Question about Table Saws
I'm hesitant to even answer, not knowing your skill level. But understanding that you will probably have a use for an item you purchased, and use it one way or another, here's a primer...
Be careful! Never push your hand directly toward the rotating saw such that if the workpiece kicks back your momentum will carry your hand into the blade. Begin by raising the blade only a little above the table surface and run a pass with clean wood over it to get the feel of the resistance a stack of dado blades gives. Consider making a groove in two or more passes if you need to raise the blade more than 1/4" to cut it in a single pass. Use metal dado shims to adjust the precise width of cut. Tighten the stack in a balanced way, such that the carbide teeth are not in contact with one another. Stay away from wobble dado sets. Etc. Etc. Etc.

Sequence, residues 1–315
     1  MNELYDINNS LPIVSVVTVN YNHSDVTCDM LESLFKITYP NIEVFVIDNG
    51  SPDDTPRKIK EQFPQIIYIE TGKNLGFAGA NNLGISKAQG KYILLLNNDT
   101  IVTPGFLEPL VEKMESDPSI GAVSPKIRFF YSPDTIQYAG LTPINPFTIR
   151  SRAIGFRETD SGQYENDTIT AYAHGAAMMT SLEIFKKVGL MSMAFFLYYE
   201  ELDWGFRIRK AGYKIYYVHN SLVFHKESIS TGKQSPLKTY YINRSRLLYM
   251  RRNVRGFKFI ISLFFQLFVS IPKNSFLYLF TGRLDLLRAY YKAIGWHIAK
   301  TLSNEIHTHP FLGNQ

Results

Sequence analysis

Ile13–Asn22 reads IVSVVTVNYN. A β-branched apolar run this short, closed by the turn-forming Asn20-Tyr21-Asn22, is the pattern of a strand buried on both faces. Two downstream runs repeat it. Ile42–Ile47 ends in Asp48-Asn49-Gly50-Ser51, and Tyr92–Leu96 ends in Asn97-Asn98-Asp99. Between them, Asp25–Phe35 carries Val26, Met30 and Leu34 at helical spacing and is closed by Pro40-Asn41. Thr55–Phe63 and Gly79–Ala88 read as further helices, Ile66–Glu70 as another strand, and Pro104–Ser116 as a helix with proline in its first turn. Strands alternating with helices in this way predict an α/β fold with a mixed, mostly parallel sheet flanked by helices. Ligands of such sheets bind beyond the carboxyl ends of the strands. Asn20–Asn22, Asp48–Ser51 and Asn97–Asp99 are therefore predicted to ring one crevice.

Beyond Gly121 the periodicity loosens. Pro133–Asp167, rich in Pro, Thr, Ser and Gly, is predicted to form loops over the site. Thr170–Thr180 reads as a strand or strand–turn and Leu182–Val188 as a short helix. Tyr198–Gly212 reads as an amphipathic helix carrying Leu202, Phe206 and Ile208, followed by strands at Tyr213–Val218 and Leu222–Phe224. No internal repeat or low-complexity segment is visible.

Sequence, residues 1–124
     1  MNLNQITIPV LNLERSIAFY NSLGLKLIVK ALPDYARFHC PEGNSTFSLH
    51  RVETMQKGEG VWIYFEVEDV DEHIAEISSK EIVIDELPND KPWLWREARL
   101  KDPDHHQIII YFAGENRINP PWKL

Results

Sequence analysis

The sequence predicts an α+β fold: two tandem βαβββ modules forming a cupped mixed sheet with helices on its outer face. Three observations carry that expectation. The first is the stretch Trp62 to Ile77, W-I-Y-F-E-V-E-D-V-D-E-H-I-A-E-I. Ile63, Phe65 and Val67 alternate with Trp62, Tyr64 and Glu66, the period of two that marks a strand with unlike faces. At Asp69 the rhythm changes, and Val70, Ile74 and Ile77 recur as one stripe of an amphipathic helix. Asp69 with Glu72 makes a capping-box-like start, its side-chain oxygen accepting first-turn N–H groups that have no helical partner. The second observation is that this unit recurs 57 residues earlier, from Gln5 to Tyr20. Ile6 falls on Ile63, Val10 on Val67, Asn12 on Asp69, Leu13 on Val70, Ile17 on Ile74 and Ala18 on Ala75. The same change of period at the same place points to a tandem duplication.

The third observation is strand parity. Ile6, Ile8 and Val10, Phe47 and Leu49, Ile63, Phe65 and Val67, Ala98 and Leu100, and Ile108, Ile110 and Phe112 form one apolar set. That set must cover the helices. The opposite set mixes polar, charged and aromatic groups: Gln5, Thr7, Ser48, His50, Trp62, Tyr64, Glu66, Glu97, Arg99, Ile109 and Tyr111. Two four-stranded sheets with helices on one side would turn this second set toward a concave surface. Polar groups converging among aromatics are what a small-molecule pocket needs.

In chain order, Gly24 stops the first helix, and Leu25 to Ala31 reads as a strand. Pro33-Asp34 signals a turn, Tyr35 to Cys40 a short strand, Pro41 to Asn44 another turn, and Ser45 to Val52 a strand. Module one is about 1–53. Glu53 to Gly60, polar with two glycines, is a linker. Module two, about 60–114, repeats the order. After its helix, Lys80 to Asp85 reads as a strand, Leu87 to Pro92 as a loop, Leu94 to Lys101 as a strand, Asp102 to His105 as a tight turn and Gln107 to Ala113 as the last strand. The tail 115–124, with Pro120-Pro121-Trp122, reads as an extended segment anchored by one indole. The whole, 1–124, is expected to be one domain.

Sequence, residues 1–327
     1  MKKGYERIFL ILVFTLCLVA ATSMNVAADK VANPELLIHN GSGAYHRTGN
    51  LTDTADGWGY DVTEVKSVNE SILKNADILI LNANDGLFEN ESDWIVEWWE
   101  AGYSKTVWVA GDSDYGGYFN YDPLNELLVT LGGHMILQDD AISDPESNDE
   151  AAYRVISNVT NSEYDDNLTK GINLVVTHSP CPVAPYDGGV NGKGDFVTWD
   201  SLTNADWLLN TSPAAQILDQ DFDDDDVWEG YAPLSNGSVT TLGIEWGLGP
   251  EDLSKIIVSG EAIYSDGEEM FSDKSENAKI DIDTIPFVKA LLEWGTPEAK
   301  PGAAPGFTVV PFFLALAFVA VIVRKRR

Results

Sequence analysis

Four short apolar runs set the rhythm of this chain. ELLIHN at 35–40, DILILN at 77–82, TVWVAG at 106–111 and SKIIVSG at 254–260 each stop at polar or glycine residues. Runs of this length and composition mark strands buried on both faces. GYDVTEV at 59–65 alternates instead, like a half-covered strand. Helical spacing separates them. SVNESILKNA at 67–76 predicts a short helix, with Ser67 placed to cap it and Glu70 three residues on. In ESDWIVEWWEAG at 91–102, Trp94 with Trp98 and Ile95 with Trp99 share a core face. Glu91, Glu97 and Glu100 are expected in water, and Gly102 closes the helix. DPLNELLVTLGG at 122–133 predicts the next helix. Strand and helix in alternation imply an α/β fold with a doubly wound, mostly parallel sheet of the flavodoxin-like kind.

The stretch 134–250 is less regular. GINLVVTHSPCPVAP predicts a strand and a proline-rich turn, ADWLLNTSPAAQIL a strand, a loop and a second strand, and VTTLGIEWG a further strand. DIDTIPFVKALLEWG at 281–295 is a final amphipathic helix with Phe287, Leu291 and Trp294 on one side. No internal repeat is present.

You may wish to have a look at this website, whose author has obviously given the subject considerable thought: http://www.newwoodworker.com/usngstkddados.html
Finally, be carefull. If you think a single saw blade can tear flesh, imagine what a 3/4" wide swath will do to your hand. Think about your setups. Use test pieces to get them right. Then pay attention while you run your dados. And try to avoid plunge cuts, especially on anything shorter than a couple of feet in length. When you can, use a miter jig in the slot to hold any work you have to pass cross-grain over the dado.
Be careful, feed smoothly, and hold your workpiece firmly against the fence while it passes over the blade.
Posted on Mar 26, 2009
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